Trigger warnings for rape, domestic violence, forced abortion, and torture.

At the start of the twentieth century, on the edge of the Russian Empire, a family prospers. It owes its success to a delicious chocolate recipe, passed down the generations with great solemnity and caution. A caution which is justified: this is a recipe for ecstasy that carries a very bitter aftertaste. Stasia learns it from her Georgian father and takes it north, following her new husband, Simon, to his posting at the centre of the Russian Revolution in St Petersburg. Stasia’s is only the first in a symphony of grand but all too often doomed romances that swirl from sweet to sour in this epic tale of the red century.

The Eighth Life is a sprawling epic, following one family through the generations for over one hundred years, spanning the twentieth century and beyond. It gives an insight into what life was like in Georgia when it was a part of the USSR and controlled by the powers that be in Moscow, and how the struggle for independence does not go smoothly.

The story of the Jashi family in The Eighth Life is told by Niza to her young niece Brilka. She recounts the family history, from her great-great-grandmother Stasia to her and her sister Daria, and all of the love and tragedy that befalls the family and their close friends in that time. The different members of the family experience so much heartache, it’s almost cruel or depressing how unlucky or sad their lives often turn out. Nothing ever runs smoothly for them, and there are so many instances when actions of previous generations have unforeseen repercussions on their descendants. Whether the tragedies that befall each member of the family is down to having a taste of the amazing yet potentially cursed chocolate, is down to you to decide.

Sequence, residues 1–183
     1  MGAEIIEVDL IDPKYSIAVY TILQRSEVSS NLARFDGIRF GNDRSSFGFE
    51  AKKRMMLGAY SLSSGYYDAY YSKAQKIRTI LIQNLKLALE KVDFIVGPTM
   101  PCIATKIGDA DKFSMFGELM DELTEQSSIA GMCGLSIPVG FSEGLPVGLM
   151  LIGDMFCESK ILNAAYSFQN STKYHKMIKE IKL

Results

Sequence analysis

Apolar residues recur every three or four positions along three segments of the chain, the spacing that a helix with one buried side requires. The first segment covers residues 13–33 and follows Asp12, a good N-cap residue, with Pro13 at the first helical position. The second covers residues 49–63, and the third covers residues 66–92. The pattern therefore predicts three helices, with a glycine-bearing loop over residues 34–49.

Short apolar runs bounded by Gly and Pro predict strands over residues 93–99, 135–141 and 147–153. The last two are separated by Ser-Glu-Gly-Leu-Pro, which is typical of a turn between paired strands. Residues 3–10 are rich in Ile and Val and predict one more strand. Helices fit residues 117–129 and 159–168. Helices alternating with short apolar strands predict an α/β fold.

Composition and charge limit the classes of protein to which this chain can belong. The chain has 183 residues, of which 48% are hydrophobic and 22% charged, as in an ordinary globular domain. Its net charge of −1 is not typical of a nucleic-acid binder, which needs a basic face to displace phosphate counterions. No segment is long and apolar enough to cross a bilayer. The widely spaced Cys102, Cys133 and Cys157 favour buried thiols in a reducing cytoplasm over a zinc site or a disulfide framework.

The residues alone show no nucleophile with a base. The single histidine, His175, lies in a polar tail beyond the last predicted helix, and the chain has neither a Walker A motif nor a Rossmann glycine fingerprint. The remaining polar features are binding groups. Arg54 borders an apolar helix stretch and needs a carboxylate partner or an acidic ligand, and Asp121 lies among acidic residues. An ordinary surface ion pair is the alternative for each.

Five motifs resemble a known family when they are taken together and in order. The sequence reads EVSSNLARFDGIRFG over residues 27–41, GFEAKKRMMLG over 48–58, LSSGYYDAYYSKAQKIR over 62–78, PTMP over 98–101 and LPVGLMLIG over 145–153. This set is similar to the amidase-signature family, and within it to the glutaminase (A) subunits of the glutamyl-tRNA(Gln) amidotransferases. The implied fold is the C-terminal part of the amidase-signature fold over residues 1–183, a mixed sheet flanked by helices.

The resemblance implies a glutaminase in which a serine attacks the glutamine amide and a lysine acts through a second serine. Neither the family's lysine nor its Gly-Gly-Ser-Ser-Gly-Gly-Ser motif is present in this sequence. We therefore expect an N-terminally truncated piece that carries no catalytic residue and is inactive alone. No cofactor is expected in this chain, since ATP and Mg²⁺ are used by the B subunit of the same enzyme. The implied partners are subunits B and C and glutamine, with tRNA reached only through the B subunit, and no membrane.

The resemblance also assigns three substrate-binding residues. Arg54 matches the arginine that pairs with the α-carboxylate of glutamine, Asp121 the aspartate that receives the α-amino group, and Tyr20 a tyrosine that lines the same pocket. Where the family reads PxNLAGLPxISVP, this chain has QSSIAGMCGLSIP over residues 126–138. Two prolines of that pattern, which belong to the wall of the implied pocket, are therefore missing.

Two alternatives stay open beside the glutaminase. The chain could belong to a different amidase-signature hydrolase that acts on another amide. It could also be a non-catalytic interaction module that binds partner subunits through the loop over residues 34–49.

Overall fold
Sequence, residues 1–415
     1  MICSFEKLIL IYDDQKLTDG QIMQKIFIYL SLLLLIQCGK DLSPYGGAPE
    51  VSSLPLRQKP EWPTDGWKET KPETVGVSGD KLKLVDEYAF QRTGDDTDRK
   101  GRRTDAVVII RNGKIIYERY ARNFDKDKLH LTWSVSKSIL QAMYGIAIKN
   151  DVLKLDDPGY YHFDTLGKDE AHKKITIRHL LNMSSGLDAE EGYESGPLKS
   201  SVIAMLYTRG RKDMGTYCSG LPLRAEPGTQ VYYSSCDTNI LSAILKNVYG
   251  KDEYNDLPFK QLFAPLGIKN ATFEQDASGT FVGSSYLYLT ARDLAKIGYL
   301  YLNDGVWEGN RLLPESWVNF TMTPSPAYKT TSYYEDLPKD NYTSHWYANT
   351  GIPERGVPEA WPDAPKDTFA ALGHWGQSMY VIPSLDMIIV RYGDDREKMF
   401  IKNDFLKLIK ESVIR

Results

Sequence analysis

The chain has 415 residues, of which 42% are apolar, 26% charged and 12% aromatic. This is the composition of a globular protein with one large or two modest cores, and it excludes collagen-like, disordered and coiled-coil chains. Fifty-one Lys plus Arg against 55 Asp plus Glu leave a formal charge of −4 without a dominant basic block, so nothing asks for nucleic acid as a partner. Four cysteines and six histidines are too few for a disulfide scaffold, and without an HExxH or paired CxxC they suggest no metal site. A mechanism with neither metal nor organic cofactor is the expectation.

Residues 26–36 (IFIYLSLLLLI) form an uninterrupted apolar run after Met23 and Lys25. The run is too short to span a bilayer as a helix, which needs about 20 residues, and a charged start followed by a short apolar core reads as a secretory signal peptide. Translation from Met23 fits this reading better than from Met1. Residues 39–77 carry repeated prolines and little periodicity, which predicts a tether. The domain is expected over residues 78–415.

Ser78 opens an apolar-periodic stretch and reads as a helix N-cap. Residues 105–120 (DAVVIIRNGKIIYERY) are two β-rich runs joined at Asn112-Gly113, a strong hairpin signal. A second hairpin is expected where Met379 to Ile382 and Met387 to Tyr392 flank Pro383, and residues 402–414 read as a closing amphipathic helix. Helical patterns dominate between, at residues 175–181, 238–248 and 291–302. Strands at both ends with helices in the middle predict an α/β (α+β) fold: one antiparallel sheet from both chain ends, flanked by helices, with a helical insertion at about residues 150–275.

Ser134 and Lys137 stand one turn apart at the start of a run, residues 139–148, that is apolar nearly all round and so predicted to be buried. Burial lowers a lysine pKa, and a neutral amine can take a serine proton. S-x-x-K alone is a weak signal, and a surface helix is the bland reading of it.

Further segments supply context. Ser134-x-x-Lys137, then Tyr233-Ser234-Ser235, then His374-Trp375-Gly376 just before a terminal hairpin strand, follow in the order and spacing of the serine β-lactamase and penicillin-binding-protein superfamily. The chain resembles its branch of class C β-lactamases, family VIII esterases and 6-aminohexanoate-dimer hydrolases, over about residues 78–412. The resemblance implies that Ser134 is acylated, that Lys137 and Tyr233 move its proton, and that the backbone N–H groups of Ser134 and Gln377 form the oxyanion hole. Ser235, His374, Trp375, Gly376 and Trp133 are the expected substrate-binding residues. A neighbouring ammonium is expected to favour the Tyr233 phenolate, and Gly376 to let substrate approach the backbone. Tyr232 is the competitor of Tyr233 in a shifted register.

This family saga takes place during the heights of communism. Various historical figures are mentioned either explicitly by name, or through their nicknames or other references. If you know more about the important figures in Russia and USSR’s history, they may be easier to pick up than if you don’t. Personally, I studied the Russian revolution in college and then only have a passing knowledge of Stalin and Lenin and know little about the other important figures of that time. I was still able to follow the passage of time, and with the Jashi family connected to the KGB and Moscow top brass, it was an interesting way to learn more about this period of history and how the extreme rules and surveillance could effect the everyday person.

At over 900 pages long The Eighth Life really is an epic novel. It takes its time to develop the many characters, but it also does a great job at keeping track of the family connections, and the little call backs to past events or conversations work really well. It’s an engaging read, and the writing is often beautiful. It’s fascinating to see how much can change in one person’s lifetime. How history can affect them in both big and small ways, and how events can shape a person so completely.

The Eighth Life is a fascinating yet often harrowing read. It doesn’t shy away from the realities of war or from how cruel people can be to one another, and how some people must close themselves off from feeling anything in order to survive. This might make The Eighth Life sound like a depressing read, and it can be at times as you wonder at how much suffering a person can take, but it also captures the many emotions people go through in life. There’s still love in its various forms, and hope, and freedom. It’s just unfortunate that those who are in love or free, can’t always experience it with the ones they want to the most. 5/5.